David Fan and Bob Adolf (left and center, seated at laptops) were second-place finishers in the IACS Computational Challenge. For the final challenge, students were tasked with designing a program to play foosball.

Rose Lincoln/Harvard Staff Photographer

Science & Tech

Competition that computes

4 min read

Mastering virtual foosball in IACS challenge

On the surface, it might appear that evacuating a major city following a natural disaster and playing foosball have little, if anything, in common. For students participating in the IACS Computational Challenge, however, both are problems that can be tackled with some clever coding.

Part of ComputeFest, a two-week program hosted by the Institute for Applied Computational Science (IACS) within the Harvard School of Engineering and Applied Sciences (SEAS), the Challenge offers students from across Harvard the chance to flaunt their mathematical and computing skills by trying to build the best solution to a given problem, or a strategy good enough to win a 10-round tournament.

This year, they had just two days to do it.

In last year’s challenge, the first, students were challenged to design a system to evacuate thousands of Cambridge residents through debris-choked streets following a natural disaster. That competition played out over 10 days. For last week’s challenge, students were tasked with designing a program to play foosball.

To determine who did the best job, eight teams of programmers gathered last week at Maxwell Dworkin to let their programs duke it out.

As students hunkered over laptops to watch the games, the tension was punctuated by exclamations and high fives from the winning teams, while losers worked feverishly to fine-tune their code before the next match.

The team of James Damore, a second-year Ph.D. student in systems biology, and Bo Waggoner, a second-year Ph.D. student in computer science, was declared the winner after more than an hour of competition. The pair received iPad minis as prizes, while the runners-up received external hard-drives.

“I really like games, and the combination of mathematical, computational, and strategic caught my eye,” Damore said, explaining what attracted him to the challenge.

He and Waggoner first modeled the game as though none of the players were able to move. Once they found the optimal strategy for those conditions, “we just put our players in a peak distribution, and our strategy was to just have one player chase the ball on top of that distribution.”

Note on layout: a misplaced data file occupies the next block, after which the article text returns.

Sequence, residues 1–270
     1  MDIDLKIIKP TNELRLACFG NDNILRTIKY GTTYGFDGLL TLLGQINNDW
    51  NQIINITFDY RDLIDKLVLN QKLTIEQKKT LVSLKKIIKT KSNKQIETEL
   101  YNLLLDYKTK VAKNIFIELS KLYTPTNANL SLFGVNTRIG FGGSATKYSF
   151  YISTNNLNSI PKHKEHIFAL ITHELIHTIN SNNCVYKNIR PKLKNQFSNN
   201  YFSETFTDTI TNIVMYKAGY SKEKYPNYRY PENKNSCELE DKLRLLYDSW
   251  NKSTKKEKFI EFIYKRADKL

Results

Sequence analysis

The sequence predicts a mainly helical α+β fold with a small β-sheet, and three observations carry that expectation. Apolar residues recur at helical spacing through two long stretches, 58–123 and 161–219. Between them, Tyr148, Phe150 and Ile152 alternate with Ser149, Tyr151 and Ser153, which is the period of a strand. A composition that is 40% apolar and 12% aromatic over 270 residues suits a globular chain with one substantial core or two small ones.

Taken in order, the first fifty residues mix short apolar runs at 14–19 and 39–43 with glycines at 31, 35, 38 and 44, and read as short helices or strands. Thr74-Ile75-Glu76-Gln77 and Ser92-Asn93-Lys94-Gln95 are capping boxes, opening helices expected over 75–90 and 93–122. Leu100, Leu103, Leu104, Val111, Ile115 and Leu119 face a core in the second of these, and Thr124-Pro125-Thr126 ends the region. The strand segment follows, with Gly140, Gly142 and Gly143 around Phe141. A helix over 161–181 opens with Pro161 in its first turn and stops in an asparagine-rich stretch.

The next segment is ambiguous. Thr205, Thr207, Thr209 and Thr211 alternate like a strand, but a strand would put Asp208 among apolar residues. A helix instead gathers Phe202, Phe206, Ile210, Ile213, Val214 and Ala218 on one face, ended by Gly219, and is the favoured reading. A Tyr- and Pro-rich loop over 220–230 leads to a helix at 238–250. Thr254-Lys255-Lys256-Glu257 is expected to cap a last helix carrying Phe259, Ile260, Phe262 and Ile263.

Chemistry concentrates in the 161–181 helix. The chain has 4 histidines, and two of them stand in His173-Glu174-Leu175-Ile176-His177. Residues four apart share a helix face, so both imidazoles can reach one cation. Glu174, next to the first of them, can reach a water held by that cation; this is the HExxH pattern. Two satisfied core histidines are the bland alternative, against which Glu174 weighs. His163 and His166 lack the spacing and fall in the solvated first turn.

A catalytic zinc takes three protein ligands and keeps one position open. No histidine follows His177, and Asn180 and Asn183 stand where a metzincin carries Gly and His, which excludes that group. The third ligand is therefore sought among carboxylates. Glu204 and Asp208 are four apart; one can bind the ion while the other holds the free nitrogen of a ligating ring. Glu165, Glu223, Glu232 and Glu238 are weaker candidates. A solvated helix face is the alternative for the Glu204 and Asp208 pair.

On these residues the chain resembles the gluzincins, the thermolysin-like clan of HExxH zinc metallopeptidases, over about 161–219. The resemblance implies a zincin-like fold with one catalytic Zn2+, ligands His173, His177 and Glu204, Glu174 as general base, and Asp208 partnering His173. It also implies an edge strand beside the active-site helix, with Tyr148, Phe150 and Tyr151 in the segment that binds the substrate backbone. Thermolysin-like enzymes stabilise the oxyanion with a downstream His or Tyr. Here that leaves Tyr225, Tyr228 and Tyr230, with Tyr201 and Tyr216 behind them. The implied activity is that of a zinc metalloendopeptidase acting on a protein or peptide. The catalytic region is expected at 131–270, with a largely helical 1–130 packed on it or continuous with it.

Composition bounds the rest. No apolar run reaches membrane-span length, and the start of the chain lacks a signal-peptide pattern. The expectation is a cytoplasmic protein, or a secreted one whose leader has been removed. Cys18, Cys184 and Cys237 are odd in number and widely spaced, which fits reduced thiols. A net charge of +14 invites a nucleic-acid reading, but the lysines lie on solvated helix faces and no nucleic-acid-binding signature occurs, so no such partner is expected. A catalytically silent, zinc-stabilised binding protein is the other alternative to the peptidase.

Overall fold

For Waggoner, the challenge was a chance to exercise coding skills in a fun, unusual way.

“I’m a grad student, so I’m not taking many programming classes, so it was fun to practice that skill,” he said. “But we don’t feel like we’ve solved the game by any means. On another day, we might not have won.”

The foosball competition was developed by Cris Cecka and Pavlos Protopapas, both lecturers in computational science, and was intended to offer a slightly different challenge from last year’s event.

“Last year we had a problem that was very difficult to solve,” Cecka said. “We wanted this one to be more engaging and attract more people. I’ve developed game AIs before, and enjoyed doing it, so I thought it would make for a great competition.

“One of our goals was to make the solution space wide open,” he continued. “I wanted raw computation to be one answer to the problem, and I wanted really good probabilistic analysis to be another.”

For Miriam Huntley, a third-year Ph.D. student in applied physics, the challenge was a worthwhile skill-building exercise.

“This is a good way, first of all, to practice the computational skills I use in the lab, because I code a lot,”
she said. “But this also provides a good incentive to hone your skills in a high-pressure situation, and it’s just fun!”